New Proactive Enrollment Management Paradigms for TODAY

 By Dr. Harry Bloom

The challenge to fill independent schools has never been greater. Many of the reasons are well known: incomes that haven’t kept up with tuition; new, more inviting options from public education; and the difficulty many schools have in concretizing and effectively conveying their value propositions. 

Unfortunately, the reaction of many schools in light of these challenges has been to do “more of the same.” This is regrettable since the current system of relatively unfocused outreach in the hope that “they will come,” is increasingly not working. Case in point: an analysis of NBOA’s Business Intelligence for Independent Schools (BIIS) dataset indicates that during the period 2015 to 2017, the number of applications in 52 percent of the participating schools actually declined. In 40 percent of the schools the decline was 5 percent or greater. 

But it need not be this way. The reality is that in light of new data science tools and sophisticated social science-based marketing, many of our schools are unintentionally recruiting new families in the wrong way. In some ways they are doing it backwards. Instead of waiting until families come to them, schools should be identifying prime families and going out and getting them.  

Here are two specific strategies that cutting-edge schools can employ to change this old school paradigm.

1. Using the power of advanced statistical analysis, plus a wealth of newly accessible demographic information, allows a school to (a) define  in a statistically rigorous manner the distinctive demographic and lifestyle profile of its parent body, and (b) to identify and rank order every “lookalike” family in its marketing area in terms of the degree of their similarity to those families. What this means is profound: Schools can have access to virtually every likely prospect before they do any marketing outreach! Schools can have this information on or before the beginning of the “Recruitment Season.”  A highly respected Enrollment Manager, at a recent national AISAP conference, called this approach “Data 2.0” relative to all previous “Data 1.0” approaches to identify prime prospects.

2. Schools conversant with sophisticated consumer marketing techniques also recognize that the most potent unit of recruitment strategy focus is not the individual family, but rather the market segment. They recognize the need to identify and analyze the sub-segments within their population — in essence, the social networks, that are the biggest influencers on a school’s enrollment prospects — and to cultivate them in order to gain broader voluntary access to those networks. These schools identify catchment points (churches, voluntary organizations, sports clubs, professional networks, etc.) that bring network members together, and they arm ambassadors with the information and motivation to engender interest, then investigation (visits), applications, and matriculations. They count the potential prospects these market segments/social networks can account for and set market share targets for them. They conduct research among their members to hone in on required value proposition evidence, and train ambassadors from among their members. They learn, by trial and error, how to optimize their success penetrating these segments. Their enrollment pipeline analysis focuses on market segments.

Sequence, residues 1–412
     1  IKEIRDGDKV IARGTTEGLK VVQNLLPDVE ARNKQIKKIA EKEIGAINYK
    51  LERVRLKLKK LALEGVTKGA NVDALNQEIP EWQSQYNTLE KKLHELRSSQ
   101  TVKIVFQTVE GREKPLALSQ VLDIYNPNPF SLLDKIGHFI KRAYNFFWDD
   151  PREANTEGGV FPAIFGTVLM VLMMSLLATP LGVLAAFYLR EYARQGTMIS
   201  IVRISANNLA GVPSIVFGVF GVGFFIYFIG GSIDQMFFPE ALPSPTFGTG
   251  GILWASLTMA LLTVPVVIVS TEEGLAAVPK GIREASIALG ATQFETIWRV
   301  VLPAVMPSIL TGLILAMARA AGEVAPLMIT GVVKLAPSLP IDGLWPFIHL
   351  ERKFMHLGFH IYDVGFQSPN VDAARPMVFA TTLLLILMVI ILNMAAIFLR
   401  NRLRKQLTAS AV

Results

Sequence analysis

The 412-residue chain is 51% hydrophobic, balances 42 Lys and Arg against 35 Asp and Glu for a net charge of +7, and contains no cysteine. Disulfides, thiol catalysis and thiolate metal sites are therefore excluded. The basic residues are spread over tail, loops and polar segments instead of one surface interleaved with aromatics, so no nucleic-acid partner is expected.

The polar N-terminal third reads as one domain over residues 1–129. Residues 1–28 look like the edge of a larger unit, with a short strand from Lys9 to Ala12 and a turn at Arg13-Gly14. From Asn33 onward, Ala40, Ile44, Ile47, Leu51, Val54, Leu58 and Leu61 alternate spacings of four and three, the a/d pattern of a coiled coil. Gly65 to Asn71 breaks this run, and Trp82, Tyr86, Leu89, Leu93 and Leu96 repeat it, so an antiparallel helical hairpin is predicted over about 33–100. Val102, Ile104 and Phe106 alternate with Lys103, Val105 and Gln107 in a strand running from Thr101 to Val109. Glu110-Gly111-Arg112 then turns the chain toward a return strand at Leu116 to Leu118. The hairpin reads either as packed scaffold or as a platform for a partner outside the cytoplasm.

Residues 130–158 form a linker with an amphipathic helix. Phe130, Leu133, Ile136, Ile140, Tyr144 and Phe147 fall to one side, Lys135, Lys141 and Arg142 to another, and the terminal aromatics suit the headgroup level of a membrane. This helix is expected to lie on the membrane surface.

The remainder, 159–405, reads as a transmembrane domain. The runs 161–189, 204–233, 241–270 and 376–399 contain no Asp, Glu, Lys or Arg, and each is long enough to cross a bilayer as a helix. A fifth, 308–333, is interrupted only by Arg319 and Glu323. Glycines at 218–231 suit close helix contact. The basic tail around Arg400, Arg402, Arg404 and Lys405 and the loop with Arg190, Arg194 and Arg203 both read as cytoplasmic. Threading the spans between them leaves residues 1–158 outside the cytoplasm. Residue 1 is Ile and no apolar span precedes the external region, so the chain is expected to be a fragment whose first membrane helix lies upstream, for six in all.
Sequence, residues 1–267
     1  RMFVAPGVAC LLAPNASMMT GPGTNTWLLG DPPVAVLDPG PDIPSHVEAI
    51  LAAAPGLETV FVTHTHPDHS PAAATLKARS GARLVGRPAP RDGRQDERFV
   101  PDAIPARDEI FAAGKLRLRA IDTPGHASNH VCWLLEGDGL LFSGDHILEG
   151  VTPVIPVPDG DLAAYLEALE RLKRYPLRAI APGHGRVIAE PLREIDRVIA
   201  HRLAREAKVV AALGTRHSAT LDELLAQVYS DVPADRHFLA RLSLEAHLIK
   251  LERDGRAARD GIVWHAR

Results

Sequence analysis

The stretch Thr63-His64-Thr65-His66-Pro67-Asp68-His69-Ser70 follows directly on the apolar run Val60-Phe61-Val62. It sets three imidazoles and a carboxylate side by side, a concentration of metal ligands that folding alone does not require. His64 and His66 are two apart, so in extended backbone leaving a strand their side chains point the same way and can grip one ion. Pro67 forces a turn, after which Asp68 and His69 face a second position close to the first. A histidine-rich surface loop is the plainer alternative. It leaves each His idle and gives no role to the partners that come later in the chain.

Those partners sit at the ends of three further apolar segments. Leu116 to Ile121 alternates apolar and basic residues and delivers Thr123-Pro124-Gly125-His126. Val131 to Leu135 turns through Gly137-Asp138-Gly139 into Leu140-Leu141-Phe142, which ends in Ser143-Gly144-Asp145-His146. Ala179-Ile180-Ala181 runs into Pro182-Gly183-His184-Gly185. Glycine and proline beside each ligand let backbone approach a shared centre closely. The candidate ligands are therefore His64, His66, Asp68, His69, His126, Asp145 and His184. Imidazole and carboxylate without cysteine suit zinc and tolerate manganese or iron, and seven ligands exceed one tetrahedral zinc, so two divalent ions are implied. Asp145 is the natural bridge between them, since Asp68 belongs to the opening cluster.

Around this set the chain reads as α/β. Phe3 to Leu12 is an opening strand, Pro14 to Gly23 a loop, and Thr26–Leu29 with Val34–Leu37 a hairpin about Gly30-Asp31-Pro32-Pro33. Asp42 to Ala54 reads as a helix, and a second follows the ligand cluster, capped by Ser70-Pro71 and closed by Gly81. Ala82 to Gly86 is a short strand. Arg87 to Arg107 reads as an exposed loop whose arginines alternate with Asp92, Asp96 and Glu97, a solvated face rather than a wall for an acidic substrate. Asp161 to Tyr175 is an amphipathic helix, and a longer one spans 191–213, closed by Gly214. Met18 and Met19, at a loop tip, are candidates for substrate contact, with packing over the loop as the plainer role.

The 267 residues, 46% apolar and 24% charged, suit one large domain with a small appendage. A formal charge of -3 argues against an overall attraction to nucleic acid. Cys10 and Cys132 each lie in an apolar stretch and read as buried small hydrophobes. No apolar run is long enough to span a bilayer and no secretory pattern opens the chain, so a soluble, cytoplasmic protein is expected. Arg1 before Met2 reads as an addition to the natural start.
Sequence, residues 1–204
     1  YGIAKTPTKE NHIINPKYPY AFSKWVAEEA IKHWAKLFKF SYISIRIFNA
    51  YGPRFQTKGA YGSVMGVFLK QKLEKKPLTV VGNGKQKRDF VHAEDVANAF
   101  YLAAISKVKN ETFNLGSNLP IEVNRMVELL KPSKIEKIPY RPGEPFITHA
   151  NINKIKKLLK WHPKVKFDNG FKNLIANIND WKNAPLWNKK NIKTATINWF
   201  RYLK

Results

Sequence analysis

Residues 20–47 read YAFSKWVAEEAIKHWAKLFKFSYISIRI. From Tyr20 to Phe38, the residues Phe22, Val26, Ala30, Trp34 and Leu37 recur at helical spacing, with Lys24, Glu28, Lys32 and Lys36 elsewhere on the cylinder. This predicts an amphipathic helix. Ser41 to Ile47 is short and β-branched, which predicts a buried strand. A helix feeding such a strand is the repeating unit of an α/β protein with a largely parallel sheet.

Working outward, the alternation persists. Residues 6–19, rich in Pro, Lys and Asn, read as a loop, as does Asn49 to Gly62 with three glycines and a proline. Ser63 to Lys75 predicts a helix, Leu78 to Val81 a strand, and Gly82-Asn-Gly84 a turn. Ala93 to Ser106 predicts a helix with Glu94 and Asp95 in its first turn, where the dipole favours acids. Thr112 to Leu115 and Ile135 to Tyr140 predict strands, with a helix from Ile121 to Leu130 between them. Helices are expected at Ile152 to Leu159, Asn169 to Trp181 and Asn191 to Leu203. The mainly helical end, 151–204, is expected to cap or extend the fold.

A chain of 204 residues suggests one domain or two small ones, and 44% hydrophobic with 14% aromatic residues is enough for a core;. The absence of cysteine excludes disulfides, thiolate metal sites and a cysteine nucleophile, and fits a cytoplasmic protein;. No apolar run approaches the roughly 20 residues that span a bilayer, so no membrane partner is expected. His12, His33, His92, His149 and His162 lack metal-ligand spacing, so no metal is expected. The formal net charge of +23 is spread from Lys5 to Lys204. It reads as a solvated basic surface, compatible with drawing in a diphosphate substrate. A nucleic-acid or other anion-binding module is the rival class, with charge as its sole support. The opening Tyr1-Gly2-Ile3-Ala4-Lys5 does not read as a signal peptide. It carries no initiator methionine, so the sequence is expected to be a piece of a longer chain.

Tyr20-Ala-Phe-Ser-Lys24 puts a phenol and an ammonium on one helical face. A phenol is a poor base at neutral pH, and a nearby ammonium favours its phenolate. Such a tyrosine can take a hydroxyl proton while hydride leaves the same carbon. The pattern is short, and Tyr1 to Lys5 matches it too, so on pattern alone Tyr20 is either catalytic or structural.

My experience with this approach during the course of a foundation-funded program with 26 Jewish day schools, validated the success of this strategy. The focus on market segmentation, rigorously managed, enabled the vast majority of these schools to increase their entry grade enrollment by 10 percent or more in the year following adoption of this approach.


So imagine, before the start of the school year, you have identified all of your primest of prospects based on a “lookalike” demographic analysis, as well as your market segment growth targets and their key members. The job focus now shifts to generating the most compelling messages to subsets of your market segment based on research. You can employ professionalized ambassadors and the gamut of marketing communications tools to deliver those messages — not to some nebulous set of consumers, but to very particular ones. The tracking of success or failure is easy. Every month or week or day, you can check how many prime prospects have inquired, visited, applied, etc. You can clearly identify what works and what doesn’t.

Using these techniques, we can now become in Enrollment Management what many of us we say we are as a school: A true proactive learning organization! 

If you would like more information on how to use data science or market segment management to power up your school’s proactive recruitment program, please contact Dr. Harry Bloom, Senior Vice President of Client Solutions at Measuring Success; 617-212-4910.